“He that has abilities to conceive perfection will not easily be content without it”
Samuel Johnson (1751)
You may not have heard of the BPC Liege show, but it is an outstanding event (1). It is an all-canary show catering for no less than 30 varieties plus, for the 2016 edition, a special competition for the Lizard canary. The standard of the Lizards is exceptional thanks to the participation of some of the best breeders in the world: Bart Deckers, Jean Degroot, Jules Etienne, Fernand Moes and Ronald Wauters. I have judged the Lizards there twice, but on this occasion I attended as an exhibitor and had time to visit a couple of breeders at home. The first was Fernand Moes (2).
Fernand lives just outside Liege (3) in Wallonia, the French speaking part of Belgium. He has a long list of achievements with his Lizard canaries, including gold medals at the World Show. I always associate him with clear cap silver hens of the first water (4). He is far too modest to boast about them though. It says something about Fernand’s reputation that we needed two cars to transport everyone who wanted to see his set-up. We weren’t disappointed.
Fernand started his working career as a carpenter, but then specialised as a roofer. His mastery of both trades was on show, both in his house (most of which he built himself) and in his bird house. The latter is clad with natural slate, but like a true craftsman he adds a decorative flourish to his handiwork: a scalloped diamond motif. This level of detailing is something you associate with historic buildings, not a bird house.
Fernand’s bird house has three compartments: the first you see is the section that accommodates his best young birds (most were at the show, but there were some beautiful birds left at home); the second houses a mixture of young birds and over-years; and the third is a large aviary with an ingenious method of enclosure. A series of sliding polycarbonate panels can be opened up on sunny days, or closed to protect the birds when the weather turns.
Fernand’s cages are a mixture of proprietary wire cages and home-made cages; it was the latter, with an unusual combination of ancient and modern, that caught my eye. In many respects they are bang up to date: assembled from plastic panels; fitted with wire floors; each cage is supported independently so that are easy to move and clean. Look closer however, and you will notice that they have purpose-made zinc trays (not to be confused with zinc coated steel) expertly formed and soldered, using a technology that goes back centuries. The result is both practical and beautiful.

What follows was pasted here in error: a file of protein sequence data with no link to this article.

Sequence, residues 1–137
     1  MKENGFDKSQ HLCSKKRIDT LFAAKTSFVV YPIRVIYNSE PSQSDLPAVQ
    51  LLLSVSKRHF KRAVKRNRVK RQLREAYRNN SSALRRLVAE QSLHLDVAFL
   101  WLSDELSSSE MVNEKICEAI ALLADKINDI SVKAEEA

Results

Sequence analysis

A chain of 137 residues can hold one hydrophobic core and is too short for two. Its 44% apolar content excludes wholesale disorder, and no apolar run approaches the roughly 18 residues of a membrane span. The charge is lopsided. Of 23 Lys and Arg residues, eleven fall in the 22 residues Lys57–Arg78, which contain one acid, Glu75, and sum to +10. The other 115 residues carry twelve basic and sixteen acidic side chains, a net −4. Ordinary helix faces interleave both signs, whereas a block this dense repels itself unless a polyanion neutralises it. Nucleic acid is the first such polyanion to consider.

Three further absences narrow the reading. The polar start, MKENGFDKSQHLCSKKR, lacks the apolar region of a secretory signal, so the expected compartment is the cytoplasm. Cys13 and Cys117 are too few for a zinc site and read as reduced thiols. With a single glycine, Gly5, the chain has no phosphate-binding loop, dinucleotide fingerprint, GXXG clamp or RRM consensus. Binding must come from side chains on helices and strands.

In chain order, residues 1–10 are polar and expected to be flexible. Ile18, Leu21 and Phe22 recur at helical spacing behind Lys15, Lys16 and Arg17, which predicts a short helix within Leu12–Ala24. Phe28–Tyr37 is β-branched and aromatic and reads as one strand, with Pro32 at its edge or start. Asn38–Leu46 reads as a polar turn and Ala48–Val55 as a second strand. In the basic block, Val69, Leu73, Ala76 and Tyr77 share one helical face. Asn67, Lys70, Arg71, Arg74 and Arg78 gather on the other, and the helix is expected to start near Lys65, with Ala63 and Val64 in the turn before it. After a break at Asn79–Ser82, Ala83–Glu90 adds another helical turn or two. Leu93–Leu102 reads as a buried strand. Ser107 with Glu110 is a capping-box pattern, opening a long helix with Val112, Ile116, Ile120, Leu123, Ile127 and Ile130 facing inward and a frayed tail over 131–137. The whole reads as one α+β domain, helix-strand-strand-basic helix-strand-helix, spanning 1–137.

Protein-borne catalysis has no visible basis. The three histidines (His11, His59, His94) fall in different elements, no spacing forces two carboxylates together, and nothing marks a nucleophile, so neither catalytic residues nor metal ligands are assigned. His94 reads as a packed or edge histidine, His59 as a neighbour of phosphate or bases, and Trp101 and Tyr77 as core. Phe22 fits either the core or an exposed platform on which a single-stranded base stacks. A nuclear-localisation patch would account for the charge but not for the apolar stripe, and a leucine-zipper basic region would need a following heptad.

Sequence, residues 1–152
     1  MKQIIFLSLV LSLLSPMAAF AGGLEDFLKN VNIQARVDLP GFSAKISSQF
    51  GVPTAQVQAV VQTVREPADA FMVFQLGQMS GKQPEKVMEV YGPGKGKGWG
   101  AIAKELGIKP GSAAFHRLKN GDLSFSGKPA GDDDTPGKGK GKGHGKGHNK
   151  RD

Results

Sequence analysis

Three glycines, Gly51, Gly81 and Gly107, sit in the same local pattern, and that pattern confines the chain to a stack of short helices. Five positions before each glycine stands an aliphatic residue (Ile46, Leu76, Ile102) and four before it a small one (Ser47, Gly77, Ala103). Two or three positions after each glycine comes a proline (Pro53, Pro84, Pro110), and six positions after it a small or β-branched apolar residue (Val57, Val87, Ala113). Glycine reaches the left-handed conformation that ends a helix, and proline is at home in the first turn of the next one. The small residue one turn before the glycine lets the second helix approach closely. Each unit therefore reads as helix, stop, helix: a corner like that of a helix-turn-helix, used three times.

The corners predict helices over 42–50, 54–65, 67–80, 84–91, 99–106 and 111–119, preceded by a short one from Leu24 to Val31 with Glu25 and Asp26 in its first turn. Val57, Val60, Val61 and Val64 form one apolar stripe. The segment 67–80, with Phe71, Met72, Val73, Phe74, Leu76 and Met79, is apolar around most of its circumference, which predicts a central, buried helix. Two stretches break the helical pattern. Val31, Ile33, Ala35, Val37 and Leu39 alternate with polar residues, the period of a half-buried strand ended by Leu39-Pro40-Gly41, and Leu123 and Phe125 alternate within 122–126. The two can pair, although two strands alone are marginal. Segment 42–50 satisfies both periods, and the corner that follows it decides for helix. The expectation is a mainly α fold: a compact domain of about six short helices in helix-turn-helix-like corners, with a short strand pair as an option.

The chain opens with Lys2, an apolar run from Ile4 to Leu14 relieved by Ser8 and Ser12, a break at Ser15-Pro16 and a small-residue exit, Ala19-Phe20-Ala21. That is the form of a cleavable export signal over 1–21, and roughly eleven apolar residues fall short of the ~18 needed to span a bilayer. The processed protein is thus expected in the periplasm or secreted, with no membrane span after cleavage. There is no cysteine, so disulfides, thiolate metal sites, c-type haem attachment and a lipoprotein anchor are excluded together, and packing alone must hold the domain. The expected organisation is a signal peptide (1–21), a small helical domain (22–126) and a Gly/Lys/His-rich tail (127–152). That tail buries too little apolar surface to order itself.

It is these fine details that tell us so much about Fernand and his quest for perfection. He has a sharp understanding of what it takes to produce a great Lizard canary. Ask his opinion of a particular bird at a show and he will give you a polite and fair assessment – that is deadly accurate. Ask him about one of his own birds and he is much more likely to list its shortcomings than its virtues; an unfair criticism. In my opinion his Lizards are well balanced birds with lovely detailing, a joy to behold, but that’s the trouble with being a perfectionist. As Samuel Johnson observed, you are not easily content.
I always enjoy visiting other bird keepers. I’ve never come away without learning something. My visit to Fernand was one of the best. He is one of the fancy’s nice guys; an outstanding breeder, yet modest about his own achievements and complimentary about the accomplishments of others. He may not realise it, but his greatest achievement is that his pursuit of excellence has not (as so often happens) affected the qualities that make him so likeable.
The sort of person you want to visit.
- BPC translates as the Belgian Posture Canary club, and thanks to the endeavours of Jules Etienne, the Lizard canary is well catered for. Jules is an advocate of specialist Lizard judges, and this year’s show was judged by one of the best on the circuit: Andy Williamson.
- I will report on our visit to Jules in a separate article.
- Liege is known as Luik to the Vlaanderens (Flemish), Belgium’s Dutch-speaking population.
- Of the first water is an archaic phrase that means ‘of the highest quality’. It is derived from the diamond trade in the eighteenth century, and referred to stones with the best clarity.